On startup, the NameNode enters a special state called Safemode. Replication of data blocks does not occur when the NameNode is in the Safemode state. The NameNode receives Heartbeat and Blockreport messages from the DataNodes. A Blockreport contains the list of data blocks that a DataNode is hosting. Each block has a specified minimum number of replicas. A block is considered safely replicated when the minimum number of replicas of that data block has checked in with the NameNode. After a configurable percentage of safely replicated data blocks checks in with the NameNode (plus an additional 30 seconds), the NameNode exits the Safemode state. It then determines the list of data blocks (if any) that still have fewer than the specified number of replicas. The NameNode then replicates these blocks to other DataNodes.
The HDFS namespace is stored by the NameNode. The NameNode uses a transaction log called the EditLog to persistently record every change that occurs to file system metadata. For example, creating a new file in HDFS causes the NameNode to insert a record into the EditLog indicating this. Similarly, changing the replication factor of a file causes a new record to be inserted into the EditLog. The NameNode uses a file in its local host OS file system to store the EditLog. The entire file system namespace, including the mapping of blocks to files and file system properties, is stored in a file called the FsImage. The FsImage is stored as a file in the NameNode’s local file system too.
The NameNode keeps an image of the entire file system namespace and file Blockmap in memory. This key metadata item is designed to be compact, such that a NameNode with 4 GB of RAM is plenty to support a huge number of files and directories. When the NameNode starts up, it reads the FsImage and EditLog from disk, applies all the transactions from the EditLog to the in-memory representation of the FsImage, and flushes out this new version into a new FsImage on disk. It can then truncate the old EditLog because its transactions have been applied to the persistent FsImage. This process is called a checkpoint. In the current implementation, a checkpoint only occurs when the NameNode starts up. Work is in progress to support periodic checkpointing in the near future.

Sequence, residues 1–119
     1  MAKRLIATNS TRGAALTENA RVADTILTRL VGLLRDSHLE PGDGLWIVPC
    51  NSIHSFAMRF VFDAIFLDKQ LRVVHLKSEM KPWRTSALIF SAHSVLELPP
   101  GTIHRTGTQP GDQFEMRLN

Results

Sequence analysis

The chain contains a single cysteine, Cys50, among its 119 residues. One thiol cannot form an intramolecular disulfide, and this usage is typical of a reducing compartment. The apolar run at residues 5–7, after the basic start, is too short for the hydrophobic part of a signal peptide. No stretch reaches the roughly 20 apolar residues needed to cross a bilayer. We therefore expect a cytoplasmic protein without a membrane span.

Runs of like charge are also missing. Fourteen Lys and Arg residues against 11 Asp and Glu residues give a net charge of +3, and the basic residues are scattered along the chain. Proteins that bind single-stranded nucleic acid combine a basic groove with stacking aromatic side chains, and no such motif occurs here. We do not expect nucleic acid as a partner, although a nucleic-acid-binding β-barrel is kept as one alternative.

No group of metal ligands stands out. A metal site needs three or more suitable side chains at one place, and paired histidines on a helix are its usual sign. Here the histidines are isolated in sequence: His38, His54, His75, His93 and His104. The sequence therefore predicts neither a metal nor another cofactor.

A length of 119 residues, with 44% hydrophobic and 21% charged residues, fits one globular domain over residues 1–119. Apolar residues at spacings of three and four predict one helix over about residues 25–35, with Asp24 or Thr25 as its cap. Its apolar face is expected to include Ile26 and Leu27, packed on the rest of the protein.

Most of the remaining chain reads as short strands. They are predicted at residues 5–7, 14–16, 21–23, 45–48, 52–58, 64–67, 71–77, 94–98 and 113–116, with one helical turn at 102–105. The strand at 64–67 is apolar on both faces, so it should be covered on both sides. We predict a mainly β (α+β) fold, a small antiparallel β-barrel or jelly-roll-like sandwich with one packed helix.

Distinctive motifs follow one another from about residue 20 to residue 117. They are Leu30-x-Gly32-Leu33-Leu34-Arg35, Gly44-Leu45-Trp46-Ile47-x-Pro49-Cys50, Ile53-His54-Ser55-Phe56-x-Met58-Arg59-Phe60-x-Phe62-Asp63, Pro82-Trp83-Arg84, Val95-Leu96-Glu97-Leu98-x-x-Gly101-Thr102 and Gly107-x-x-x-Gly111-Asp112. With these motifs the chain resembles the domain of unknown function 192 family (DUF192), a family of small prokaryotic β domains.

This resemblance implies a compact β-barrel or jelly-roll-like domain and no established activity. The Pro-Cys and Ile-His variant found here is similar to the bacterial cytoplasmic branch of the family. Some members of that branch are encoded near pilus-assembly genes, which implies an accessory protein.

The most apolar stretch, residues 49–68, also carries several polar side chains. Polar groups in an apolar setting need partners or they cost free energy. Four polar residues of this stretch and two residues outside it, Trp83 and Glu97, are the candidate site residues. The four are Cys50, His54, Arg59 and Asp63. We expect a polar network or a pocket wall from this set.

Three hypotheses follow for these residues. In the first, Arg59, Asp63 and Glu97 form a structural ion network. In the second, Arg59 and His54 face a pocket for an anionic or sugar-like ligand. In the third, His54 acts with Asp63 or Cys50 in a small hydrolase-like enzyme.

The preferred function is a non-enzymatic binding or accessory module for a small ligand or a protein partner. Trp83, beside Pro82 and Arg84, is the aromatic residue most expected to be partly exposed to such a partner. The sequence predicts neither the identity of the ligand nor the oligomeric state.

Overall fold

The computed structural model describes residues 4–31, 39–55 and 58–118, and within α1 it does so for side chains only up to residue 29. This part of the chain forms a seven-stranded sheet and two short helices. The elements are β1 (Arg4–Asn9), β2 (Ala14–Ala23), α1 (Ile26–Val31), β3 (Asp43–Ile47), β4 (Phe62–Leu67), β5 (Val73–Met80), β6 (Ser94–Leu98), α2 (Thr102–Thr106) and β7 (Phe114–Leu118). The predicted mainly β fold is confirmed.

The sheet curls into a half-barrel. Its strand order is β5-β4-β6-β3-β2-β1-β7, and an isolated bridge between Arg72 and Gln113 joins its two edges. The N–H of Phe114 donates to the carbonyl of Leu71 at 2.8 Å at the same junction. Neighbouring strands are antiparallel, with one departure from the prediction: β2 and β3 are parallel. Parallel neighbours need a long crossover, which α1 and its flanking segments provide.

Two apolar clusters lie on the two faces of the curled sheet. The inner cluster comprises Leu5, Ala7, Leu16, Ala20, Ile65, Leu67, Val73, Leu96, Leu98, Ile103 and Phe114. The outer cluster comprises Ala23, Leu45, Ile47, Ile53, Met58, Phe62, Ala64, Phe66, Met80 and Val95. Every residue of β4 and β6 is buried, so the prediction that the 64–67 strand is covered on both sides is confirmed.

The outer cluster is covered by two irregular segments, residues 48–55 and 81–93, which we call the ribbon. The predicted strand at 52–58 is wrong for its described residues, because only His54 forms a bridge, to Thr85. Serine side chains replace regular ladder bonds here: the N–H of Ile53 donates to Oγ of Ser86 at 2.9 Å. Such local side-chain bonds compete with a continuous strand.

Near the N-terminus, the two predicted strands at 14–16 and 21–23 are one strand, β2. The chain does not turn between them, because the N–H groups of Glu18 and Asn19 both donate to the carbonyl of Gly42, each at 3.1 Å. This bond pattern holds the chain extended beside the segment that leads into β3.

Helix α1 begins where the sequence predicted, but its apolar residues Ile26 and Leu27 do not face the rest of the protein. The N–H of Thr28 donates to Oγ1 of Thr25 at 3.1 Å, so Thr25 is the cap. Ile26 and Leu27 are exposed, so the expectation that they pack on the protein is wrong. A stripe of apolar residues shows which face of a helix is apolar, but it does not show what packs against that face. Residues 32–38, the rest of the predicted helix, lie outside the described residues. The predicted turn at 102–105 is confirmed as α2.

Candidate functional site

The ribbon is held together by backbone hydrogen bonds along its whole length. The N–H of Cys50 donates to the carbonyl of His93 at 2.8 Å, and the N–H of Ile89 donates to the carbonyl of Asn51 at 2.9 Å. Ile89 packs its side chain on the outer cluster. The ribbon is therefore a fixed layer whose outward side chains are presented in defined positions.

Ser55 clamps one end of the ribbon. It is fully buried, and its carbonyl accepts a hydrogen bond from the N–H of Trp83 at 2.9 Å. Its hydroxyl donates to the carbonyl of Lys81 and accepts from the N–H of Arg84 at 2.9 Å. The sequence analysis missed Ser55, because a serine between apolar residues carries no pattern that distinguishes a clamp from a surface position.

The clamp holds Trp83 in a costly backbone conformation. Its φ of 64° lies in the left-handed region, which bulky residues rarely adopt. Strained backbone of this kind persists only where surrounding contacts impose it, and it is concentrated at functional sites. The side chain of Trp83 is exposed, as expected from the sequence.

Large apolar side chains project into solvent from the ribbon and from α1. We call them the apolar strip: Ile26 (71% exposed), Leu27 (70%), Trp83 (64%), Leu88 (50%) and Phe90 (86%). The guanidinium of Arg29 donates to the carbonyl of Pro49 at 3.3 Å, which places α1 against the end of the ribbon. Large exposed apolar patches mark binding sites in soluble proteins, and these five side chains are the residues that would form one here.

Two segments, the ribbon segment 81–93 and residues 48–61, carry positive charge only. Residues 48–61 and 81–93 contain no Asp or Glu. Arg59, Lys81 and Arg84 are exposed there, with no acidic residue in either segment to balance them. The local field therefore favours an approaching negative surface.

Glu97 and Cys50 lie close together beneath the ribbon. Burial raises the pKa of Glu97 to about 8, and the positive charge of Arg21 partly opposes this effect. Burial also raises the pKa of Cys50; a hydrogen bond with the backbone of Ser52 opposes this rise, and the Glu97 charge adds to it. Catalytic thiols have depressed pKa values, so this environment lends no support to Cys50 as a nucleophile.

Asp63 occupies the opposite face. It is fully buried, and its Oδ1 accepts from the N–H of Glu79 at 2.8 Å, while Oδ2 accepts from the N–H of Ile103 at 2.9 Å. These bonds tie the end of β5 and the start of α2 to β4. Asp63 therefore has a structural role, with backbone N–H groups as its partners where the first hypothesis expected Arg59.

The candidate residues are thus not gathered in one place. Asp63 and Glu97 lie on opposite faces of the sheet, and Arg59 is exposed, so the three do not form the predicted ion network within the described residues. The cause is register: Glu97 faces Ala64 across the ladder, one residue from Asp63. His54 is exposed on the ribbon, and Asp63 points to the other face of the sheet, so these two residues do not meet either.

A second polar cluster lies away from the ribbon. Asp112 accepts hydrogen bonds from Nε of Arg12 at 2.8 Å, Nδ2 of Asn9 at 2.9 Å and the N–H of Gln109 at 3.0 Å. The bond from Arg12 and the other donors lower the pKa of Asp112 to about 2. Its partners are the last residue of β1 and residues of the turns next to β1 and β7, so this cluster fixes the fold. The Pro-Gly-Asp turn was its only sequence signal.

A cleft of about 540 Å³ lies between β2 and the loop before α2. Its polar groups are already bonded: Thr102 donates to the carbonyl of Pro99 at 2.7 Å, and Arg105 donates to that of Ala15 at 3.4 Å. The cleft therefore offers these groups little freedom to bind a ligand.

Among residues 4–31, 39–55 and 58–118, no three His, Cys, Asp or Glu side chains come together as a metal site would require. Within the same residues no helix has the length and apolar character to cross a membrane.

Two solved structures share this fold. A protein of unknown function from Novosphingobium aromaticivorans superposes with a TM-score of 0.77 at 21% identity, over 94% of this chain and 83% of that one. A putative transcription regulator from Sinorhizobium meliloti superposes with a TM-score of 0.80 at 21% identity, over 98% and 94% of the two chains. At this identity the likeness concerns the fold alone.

The DataNode stores HDFS data in files in its local file system. The DataNode has no knowledge about HDFS files. It stores each block of HDFS data in a separate file in its local file system. The DataNode does not create all files in the same directory. Instead, it uses a heuristic to determine the optimal number of files per directory and creates subdirectories appropriately. It is not optimal to create all local files in the same directory because the local file system might not be able to efficiently support a huge number of files in a single directory. When a DataNode starts up, it scans through its local file system, generates a list of all HDFS data blocks that correspond to each of these local files and sends this report to the NameNode: this is the Blockreport.
All HDFS communication protocols are layered on top of the TCP/IP protocol. A client establishes a connection to a configurable TCP port on the NameNode machine. It talks the ClientProtocol with the NameNode. The DataNodes talk to the NameNode using the DataNode Protocol. A Remote Procedure Call (RPC) abstraction wraps both the Client Protocol and the DataNode Protocol. By design, the NameNode never initiates any RPCs. Instead, it only responds to RPC requests issued by DataNodes or clients.
The primary objective of HDFS is to store data reliably even in the presence of failures. The three common types of failures are NameNode failures, DataNode failures and network partitions.
Each DataNode sends a Heartbeat message to the NameNode periodically. A network partition can cause a subset of DataNodes to lose connectivity with the NameNode. The NameNode detects this condition by the absence of a Heartbeat message. The NameNode marks DataNodes without recent Heartbeats as dead and does not forward any new IO requests to them. Any data that was registered to a dead DataNode is not available to HDFS any more. DataNode death may cause the replication factor of some blocks to fall below their specified value. The NameNode constantly tracks which blocks need to be replicated and initiates replication whenever necessary. The necessity for re-replication may arise due to many reasons: a DataNode may become unavailable, a replica may become corrupted, a hard disk on a DataNode may fail, or the replication factor of a file may be increased.